Ag silver 107. 870 7.4y l.6x104 14
Na sodium 22.991 5.5d 5700 5.0
Sr strontium  87.62 <25h <100 <0.1
S sulphur  32.064 - - -
Ta tantalum  180.948 3y 1600 1.4
Tc technetium 98 * * *
Te tellurium  127.60 96h 2600 2.2
Tb terbium 158.924 2.ly 3300 2.8
Tl thallium 204.37 41m 460 0.4
Th thorium 232.038 * * *
Tm thulium 168.934 3.7y 7700 6.7
Sn tin 118.69 <50d <40 <0.1
Ti titanium  47.90 - - -
W tungsten 183.85 15d 3.7x104 32
U uranium  238.03 * * *
V vanadium 50.942 48m 4.7x105 41
Xe xenon 131.30 7d 3200 2.8
Yb ytterbium 173.04 275d 780 0.7
Y yttrium 88.905 24d 1000 0.9
Zn zinc  65.37 5d 1600 1.4 
Zr zirconium 91.22 79h <40 <0.1

a These entries are derived by Mike Johnson of ISIS for decay times to 105 and to 104Bq/cm3 for 5-cm3 pure solid samples of the elements exposed to a neutron beam for 1 day at an intensity comparable to that on HIPD with LANSCE operating at 100mA. They are augmented by calculations from NIST of the activation from a 1-day exposure to a 107n/s-cm2 reactor thermal beam (marked ).

Estimating activation

Using the following procedure and example, estimate the anticipated activation of a sample exposed to the neutron beam in a LANSCE instrument from the table. If you cannot estimate the activation, call your LANSCE contact.

Example: For 5g YBa2Cu3O7 sample on NPD at 75mA for 24 hours (1 day).

1. Compute the mass fractions for all elements in the sample.

Example: The mass fractions are 0.13 Y, 0.4l Ba, 0.29 Cu, & 0.17 O

2. Obtain the prompt activation from the product of these mass fractions and the corresponding elemental activation values in the table. Multiply the contact dose by the sample mass that is exposed to the beam to obtain the expected contact dose from the entire sample.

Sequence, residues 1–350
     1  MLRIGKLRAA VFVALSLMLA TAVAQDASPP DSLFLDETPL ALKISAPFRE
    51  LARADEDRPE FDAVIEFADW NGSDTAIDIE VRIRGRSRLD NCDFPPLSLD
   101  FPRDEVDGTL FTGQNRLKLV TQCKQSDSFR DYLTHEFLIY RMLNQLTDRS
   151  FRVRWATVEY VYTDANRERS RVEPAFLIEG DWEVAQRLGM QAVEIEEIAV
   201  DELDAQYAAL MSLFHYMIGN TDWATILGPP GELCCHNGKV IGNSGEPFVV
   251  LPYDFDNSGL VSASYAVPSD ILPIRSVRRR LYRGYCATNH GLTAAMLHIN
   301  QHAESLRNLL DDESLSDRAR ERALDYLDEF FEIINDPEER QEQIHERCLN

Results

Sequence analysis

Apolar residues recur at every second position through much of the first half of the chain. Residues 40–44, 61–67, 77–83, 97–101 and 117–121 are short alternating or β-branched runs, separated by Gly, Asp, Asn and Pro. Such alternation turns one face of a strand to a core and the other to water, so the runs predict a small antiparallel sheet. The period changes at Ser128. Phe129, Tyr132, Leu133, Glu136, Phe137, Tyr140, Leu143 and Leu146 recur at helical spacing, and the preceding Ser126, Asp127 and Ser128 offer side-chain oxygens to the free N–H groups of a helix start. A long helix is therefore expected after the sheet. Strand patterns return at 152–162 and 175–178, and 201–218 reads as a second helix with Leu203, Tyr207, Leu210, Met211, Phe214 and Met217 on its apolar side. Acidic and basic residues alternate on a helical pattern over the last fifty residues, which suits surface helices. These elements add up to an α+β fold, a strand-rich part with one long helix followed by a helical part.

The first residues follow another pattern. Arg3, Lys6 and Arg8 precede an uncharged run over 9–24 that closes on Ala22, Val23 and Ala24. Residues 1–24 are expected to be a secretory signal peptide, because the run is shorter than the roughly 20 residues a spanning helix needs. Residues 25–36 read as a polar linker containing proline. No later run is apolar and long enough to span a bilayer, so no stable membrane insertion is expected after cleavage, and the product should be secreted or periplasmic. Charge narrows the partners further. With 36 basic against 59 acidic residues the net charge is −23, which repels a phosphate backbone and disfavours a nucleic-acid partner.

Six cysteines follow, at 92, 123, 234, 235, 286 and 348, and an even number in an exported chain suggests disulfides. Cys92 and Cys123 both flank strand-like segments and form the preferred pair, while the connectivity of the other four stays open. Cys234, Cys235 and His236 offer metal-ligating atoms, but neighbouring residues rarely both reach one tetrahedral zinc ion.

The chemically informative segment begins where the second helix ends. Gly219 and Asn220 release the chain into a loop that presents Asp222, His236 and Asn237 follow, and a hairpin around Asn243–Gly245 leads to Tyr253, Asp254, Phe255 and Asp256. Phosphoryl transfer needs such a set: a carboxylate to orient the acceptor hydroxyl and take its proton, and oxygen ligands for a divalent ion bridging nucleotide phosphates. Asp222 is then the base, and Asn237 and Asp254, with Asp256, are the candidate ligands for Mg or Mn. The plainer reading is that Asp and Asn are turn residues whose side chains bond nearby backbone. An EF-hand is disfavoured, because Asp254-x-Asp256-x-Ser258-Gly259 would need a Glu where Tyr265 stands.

Example continued:

prompt activity = 0.13x 1000 + 0.41x80 +0.29x 10000 + 0.17x0.0 = 3060nCi/g

contact dose = 5x(0.13x0.9 + 0.41x0.1 + 0.29x8.5 + 0.17x0.0) = 13.1mR/hr

3. Scale these activation values by the instrumental factor (below) and the beam current as a fraction of l00mA to obtain the estimated values for the sample and actual beam conditions.

Instrumental factors for LANSCE

HIPD 1.00 (reference)
SCD 1.44
FDS 0.50
CQS 1.65
NPD 0.025
PHAROS 0.060
LQD 0.033
SPEAR 0.04 1

Example continued:

prompt activity = 3060x0.025x75/100= 57nCi/g

contact dose = 13.lx0.025x75/100 = 0.25mR/hr

4. To obtain the storage times, t, for each element in the sample, correct the appropriate times given in the table, ts, by:

t = ts(0.693+0.lxlogeC),

where C is the product of the mass fraction, instrumental factor and beam intensity ratio to l00m A. This expression assumes that the storage times given in the table are roughly 10 half-lives for the slowest decaying isotope of significant concentration in the activated element The storage time for the sample is then the largest of the resulting times.

Example continued

Y storage time = 24d(0.693+0.lxloge(0.13x0.025x75/100)) = 2.2d

Ba storage time = 150h(0.693+0.lxloge(0.41x0.025x75/100)) = 1.3d or less

Cu storage time = 7.4d(0.693+0.lxloge(0.29x0.025x75/100)) = 1.3d

O storage time = 0 (no activation expected)

Thus the storage time for this sample of YBa2Cu3O7 is determined by the decay of the Y as 2.2 days. At that time, the sample should show residual activation of less than 2nCi/g.

These estimates are based on a neutron exposure time of 1 day. The actual level of activation can drastically change if the exposure is more or less than 1 day. Determining this change cannot be accomplished using these simplistic calculations. Therefore, we require that all samples (no matter how long the neutron exposure is) be surveyed before they leave the facility.


LANSCE 12 / 1 / 92